Military Imperialism

I saw this film called “Why We Fight” yesterday, and I think that everyone reading this post should see it. It’s about the military industrial complex and the huge military machine that the United States has become. We espouse a benevolent hegemonic discourse, but for some reason we cannot keep out of violent conflicts. Every decade or so, there must be a war, a war against some other country that defies the United States and its ideologies. We are an empire in denial. Our powerful military is funded and maintained through a constant stream of war profiteering from government contracts to huge corporations like Halliburton, that absorb more than half the national budget each year. Make no mistake about it, were not in it for the cause, for an ideology, or even for the glory, we’re in it for the money. America bleeds green, and that’s what all of our troops are dying for.
Before the film, there was a short documentary on the initial attacks on Faluja in Iraq. It was shot by an American troop and media personnel from both countries. In fear for retaliation for speaking the truth, the names were not listed on the film. It showed what the media failed to report. While Bush and the corporate-led media declared victory over the enemy, there were hundreds of thousands fleeing for their lives, with no place to go. When they returned, they found nothing but a shell of a city. Upon entering the new checkpoints, they were treated like prisoners. After being searched at gunpoint, and herded like cattle, they were all bar-coded and sent into the city with nothing but the cloths on their backs, and no way out. They had no clean water, no food, barely any medical facilities or other important infrastructure. One man described the water as “dirty” so much that it had to be filtered through cloth and even then, “you would not want to wash dishes or cloths in it much less drink it”. With no place to come home to, they found shelter in anyplace they could. Bodies lay strewn across the streets, 95% of them civilians.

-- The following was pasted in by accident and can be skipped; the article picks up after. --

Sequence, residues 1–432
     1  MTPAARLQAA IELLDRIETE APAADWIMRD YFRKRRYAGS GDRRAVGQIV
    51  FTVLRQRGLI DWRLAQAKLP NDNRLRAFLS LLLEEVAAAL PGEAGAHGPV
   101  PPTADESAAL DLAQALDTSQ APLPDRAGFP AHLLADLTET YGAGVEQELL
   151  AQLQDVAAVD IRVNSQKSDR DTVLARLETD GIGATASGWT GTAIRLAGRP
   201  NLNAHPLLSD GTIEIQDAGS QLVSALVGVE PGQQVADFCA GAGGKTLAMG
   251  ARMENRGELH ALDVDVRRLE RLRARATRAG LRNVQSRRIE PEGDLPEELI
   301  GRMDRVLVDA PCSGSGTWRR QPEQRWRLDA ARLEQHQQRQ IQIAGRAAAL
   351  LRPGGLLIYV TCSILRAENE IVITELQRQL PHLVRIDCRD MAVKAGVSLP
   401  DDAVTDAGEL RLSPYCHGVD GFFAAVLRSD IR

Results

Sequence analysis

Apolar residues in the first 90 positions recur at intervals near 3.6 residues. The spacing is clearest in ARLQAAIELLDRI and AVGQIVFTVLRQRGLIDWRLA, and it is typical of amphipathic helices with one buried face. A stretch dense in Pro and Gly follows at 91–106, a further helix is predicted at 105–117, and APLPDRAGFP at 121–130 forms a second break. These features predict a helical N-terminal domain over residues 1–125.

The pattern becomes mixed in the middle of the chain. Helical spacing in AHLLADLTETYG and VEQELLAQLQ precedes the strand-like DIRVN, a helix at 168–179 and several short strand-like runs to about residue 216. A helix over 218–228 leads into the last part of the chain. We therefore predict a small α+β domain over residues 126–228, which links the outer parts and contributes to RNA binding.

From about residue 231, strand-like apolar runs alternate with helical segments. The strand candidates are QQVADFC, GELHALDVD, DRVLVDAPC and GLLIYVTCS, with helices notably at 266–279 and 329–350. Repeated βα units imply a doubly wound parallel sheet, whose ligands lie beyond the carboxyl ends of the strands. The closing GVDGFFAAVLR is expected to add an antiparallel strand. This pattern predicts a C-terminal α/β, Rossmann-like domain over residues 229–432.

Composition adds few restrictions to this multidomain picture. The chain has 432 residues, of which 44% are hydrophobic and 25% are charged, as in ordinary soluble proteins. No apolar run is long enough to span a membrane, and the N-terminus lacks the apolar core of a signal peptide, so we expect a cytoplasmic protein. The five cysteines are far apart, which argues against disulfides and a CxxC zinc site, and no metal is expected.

How did this happen to a people that we were told we were liberating? We were lied to, not necessarily by the media, but by the government. Much of the media was held back from the fighting, and kept in the dark by government officials and the corporate leaders of media networks. With all the money that we spend on military, you would think that we would know what was going to happen, and be prepared to help those we were “liberating”. Instead the truth remains to be seen. At least we know that we don’t know the truth. We know now that Iraq had no connection with 9/11, we know they had no WMD’s, we know there was no threat of Saddam attacking us in such a significant way that we needed to go to war. The administration says that we had to go to war and almost as many Americans that died in 9/11, died in this war and are still dying for an injustice.
So why do we fight? We do this because its big business, and because it’s profitable. Charlmers Johnson was in the film and he made a brilliant remark (as usual). He said, (regarding increases in military contract profits) “when war becomes that profitable, you’re going to see a lot more of it”. Wars are not just a matter of power and profit. War is holding up a large part of our domestic economy. Companies like Lockheed Martin and Boeing make war planes in parts. Each part is made in a different state, so that if ever they were to try and phase out a weapons manufacturing program, congressional leaders would make sure the programs continue to support their districts. The problem is larger than I could outline in this blog and it’s larger than the film could begin to cover; but its enough to worry the average citizen who does not view us as an empire, and believes that America fights for the freedom of the sovereign state.
Abraham Lincoln and Dwight D. Eisenhower both warned against standing armies and the uncontrolled growth of the military industrial complex. They said that it would be the one thing that could give the president enough power to become a tyrannical dictator. Today I see this being manifested through the corporate dominated media, government, and industry. Without getting the public to stop being complicit and start getting active in the few representative channels that exist today, empire is a word that will commonly be used to describe America’s history.

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